BJ: Susie and I met on the set of THE BLOOD SHED though we should have met sooner. We soon found out that we were both Broadcasting majors at Montclair State University, though she graduated right before I started the program, and we had many mutual friends from college. Toward the end of the shoot, Susie asked if I'd be interested in helping her produce the film, which she pitched to me as an improvised pseudo-documentary about three girls who had committed a murder and start a cult. She originally planned on giving the actors an outline and letting them live out the story in front of the camera.  The notes were so wild that I knew I had to get involved!

Then she told me that she was thinking of writing a script instead - I told her it probably wasn't a good idea, but at least it would be a good exercise. Turned out the script blew me away even more than the notes! Her characters were all very three-dimensional, very defined. They might not all have had an arc per se, but that's reality! Not everyone's life experiences makes them change who they are, and people have a tendency of making the same mistakes over again even though they should know better. That kind of reality was an underlying theme - though the filmmaker character certainly points out how the events of the girls' childhood shaped who they turned out to be. But it's that kind of vérité that breathed life into a script that was full of intrigue, suspense, and general WTF?-ness that made it a great story and, as you will soon see, a great film. Well, that, and Susie's spunky directorial style, our talented cast of Kimberly Amato, Coy DeLuca, Kamilla Sofe Sadekova and Jessica Pallate, and the assistance of our hard working crew - including Meric Adriensen, Sophia Eptamenitis, Chiara Fattorusso, Dave Groman, Felipe Silvestre, John Dunphy, Rachel Gordon and many others who offered so much along the way.

CC: What was the experience working on Alan Rowe Kelly's THE BLOOD SHED?

BJ: Ah, THE BLOOD SHED! One of my fondest filmmaking memories of all time! It was everything I expected and everything I hoped it would be - a low-budget horror/comedy flick about a bunch of backwood Jersey inbreds, focusing around a 40-something-year-old beast of a woman named Beeftina Bullion who thinks she's 12, and who was played by actor/director Alan Rowe Kelly in a pink dress that no designer in his or her right mind would make for a man of his size! What more do I need to say?

Actually, I need to say a bit. Alan Rowe's wonderfully demented humor was so engrossing in his script that, much like RAVEN, everyone involved totally understood it and was inspired to bring it to life. Much like a theater cast, the cast and crew of this film became a little family for a while. There was this great, loving atmosphere on set that you'd think we were shooting a BENJI movie or something, and then you'd go to set and see a cop's testicles getting crushed or squirrels being used for skeet or a child getting ripped in half. It was a little surreal, but it felt very much at home.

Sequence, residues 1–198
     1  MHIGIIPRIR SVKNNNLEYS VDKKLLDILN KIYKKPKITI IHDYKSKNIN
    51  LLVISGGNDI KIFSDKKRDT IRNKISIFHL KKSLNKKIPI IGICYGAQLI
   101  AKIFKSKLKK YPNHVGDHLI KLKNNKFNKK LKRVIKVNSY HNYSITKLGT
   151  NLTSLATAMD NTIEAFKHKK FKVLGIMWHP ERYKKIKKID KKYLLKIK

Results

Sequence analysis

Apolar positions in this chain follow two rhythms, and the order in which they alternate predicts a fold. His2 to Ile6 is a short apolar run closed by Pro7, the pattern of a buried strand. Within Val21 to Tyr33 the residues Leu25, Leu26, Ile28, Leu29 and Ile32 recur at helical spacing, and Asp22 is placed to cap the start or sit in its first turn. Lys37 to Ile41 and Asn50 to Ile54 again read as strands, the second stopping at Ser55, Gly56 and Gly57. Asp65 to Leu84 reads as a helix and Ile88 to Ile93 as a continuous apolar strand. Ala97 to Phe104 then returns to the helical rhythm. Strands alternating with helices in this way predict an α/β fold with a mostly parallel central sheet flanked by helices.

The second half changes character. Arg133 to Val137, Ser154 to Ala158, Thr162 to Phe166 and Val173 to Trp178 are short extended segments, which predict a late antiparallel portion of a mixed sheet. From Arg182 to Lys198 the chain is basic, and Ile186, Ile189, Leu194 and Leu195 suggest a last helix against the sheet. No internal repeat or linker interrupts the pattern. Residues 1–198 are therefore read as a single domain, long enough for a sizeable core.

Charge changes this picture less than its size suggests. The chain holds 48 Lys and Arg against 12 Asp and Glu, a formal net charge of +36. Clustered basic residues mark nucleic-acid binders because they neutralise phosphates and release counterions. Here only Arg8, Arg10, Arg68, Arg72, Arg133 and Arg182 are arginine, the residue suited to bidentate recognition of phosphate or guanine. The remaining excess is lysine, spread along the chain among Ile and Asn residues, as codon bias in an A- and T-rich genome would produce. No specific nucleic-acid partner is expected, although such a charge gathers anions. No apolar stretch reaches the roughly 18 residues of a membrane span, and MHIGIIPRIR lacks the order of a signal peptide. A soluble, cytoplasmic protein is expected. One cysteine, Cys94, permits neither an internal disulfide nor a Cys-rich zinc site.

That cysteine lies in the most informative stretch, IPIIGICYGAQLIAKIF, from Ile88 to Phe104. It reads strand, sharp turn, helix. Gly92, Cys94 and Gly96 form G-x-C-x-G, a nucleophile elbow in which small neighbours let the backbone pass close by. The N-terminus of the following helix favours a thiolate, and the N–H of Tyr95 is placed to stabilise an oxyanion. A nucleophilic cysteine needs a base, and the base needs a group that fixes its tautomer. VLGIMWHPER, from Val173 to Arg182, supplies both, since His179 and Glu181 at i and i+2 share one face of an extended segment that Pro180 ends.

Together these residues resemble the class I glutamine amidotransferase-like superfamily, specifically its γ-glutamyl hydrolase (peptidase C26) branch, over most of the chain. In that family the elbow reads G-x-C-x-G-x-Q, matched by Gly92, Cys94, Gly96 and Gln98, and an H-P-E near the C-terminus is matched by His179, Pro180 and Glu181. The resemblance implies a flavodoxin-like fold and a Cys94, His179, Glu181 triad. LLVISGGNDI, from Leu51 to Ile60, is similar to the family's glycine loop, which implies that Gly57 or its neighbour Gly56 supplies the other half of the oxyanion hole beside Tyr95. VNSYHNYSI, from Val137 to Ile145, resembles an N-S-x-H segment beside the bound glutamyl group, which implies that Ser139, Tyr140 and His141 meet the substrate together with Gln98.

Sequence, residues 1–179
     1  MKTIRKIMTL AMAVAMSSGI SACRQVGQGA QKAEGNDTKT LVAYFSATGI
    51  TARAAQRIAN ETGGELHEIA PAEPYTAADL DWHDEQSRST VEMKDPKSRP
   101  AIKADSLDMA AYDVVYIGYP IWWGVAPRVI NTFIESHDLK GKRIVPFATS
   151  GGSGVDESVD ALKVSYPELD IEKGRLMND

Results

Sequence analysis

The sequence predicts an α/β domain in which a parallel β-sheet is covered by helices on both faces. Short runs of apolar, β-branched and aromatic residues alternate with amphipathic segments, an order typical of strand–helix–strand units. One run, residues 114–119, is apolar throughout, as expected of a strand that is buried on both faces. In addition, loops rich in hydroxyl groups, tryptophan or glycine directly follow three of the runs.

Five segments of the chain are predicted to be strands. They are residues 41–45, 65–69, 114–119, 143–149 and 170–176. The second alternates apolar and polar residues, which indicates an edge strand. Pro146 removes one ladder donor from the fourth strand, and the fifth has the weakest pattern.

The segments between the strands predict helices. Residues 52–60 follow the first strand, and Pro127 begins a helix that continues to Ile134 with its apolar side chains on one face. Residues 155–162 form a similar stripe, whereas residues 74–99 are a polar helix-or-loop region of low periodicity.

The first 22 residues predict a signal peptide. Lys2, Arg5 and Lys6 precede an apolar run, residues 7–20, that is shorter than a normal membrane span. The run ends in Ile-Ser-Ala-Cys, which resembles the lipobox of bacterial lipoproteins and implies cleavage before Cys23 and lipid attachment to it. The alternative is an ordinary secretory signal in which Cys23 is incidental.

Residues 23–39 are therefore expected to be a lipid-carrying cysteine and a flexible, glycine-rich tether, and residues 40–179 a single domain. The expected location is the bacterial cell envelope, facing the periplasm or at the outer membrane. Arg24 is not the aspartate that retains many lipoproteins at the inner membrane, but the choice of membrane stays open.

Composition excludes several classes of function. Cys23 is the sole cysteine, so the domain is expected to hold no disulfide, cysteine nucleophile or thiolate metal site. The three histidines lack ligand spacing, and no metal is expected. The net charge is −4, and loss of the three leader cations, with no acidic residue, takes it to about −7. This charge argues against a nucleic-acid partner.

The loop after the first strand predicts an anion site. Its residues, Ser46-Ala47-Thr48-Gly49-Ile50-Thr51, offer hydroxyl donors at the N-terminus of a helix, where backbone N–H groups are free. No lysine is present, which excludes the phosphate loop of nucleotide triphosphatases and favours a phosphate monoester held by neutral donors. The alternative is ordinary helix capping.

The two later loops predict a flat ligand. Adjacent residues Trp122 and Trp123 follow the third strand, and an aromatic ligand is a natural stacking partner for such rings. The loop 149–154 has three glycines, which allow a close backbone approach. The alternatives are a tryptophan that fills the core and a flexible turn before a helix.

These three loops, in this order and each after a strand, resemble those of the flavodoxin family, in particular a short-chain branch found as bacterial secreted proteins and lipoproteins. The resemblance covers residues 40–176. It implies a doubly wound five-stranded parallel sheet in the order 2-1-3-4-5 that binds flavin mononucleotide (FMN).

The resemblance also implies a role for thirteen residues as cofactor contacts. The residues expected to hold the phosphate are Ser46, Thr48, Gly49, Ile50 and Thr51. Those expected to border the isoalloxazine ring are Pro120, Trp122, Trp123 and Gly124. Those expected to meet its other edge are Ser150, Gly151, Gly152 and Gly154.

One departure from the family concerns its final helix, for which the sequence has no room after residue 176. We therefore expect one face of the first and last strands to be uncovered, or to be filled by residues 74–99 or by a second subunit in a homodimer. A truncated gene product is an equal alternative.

And like RAVEN, the cast and crew were equally talented and hard working.  The rest of the Bullion Family was rounded out by the legendary Terry M. West and Joshua Nelson - two great actor/directors in their own right - Mike Lane, Susan Adriensen of course, and Robert Norman as "Grandma." The rest of the cast included Jerry Murdock, Brian Juergens, Sandra Schaller, who wore several hats as a crew member as well, Zoe Daelman Chlanda, Kane Manera, Katherine O'Sullivan, a guest appearance by Fangoria's Michael Gingold, and three outstanding youths, Victoria Bensen, Stephanie Marracho and wickedly wonderful Sasha Friedenberg.

On the other side of the camera, Bart Mastronardi is one of the most innovative D.P.'s I've ever met - creating lighting designs that both cover all angles to maximize the dramatic effect as well as to save time - a producer's dream! Bart is a high school teacher who brought along several of his students to the team - Stolis Hadjicharalambous, who masterfully edited the film, and Billy Archiello, Dominick Sivilli, Henry Borriello and Nick Bohme, who all juggled several duties on set. Then there was Ken Shupe and his fantastic make-up effects team of Ingrid Okola, Yianna Klentzeris and Rob Donadio, George Schaller, Adam Barnick, and a few others as well. Tom Burns wrote a perfectly eerie score to accentuate the on-screen mayhem. And joining me on the producer side was Rachel Gordon and associate producer/1st. A.D. Jeremiah Kipp, who dragged us into this twisted terrain in the first place and ran the set with an iron, but gentle, fist.


CC: I heard that the shooting was a lot of fun. Any fond memories from the set?

BJ: Every day was chock full of them! Seeing "Beeftina" for the first time was quite a site! Brian Juergens' talent for ad-libbing made for many an off-camera chuckle from the crew. Then there was the 30-degree day where Susie was in her little shirt & shorts, snuggling under a gigundo kerosene heater with a sound blanket, meanwhile the script calls for a hot day in which a character wipes the sweat off his brow. Rachel Gordon and I got to stand in for cast members for some effects shots - she had her legs sawed off and I had my ear was pulled off with a pair of pliers - that was 30 minutes of make-up time, 15 minutes on set, 20 minutes in the shower and at least two cycles for my clothes in the washing machine for less than 30 frames of screen time, and I loved every part of it! I also drove my red minivan in one of the opening shots, which we also used as a dolly in the opening scene.

CC: The DVD for THE BLOOD SHED is due out in September. What role do you have in the extra features on the disc?

BJ: Before we began shooting, my friend and occasional collaborator Craig Schiavone offered his services as a still photographer for any films I might do. I invited him to come to set, but I knew we already had a handful of other photographers already coming regularly - something most filmmakers routinely overlook, and we had an abundance, and I cannot stress the value of that! So I told Craig to bring along a video camera as well, thinking some behind-the-scene shots would be useful as well. Eventually we ended up with nearly 30 hours of behind-the-scenes and in-studio interview footage, which I directed and Craig, Alan Rowe and I produced into a featurette for the DVD.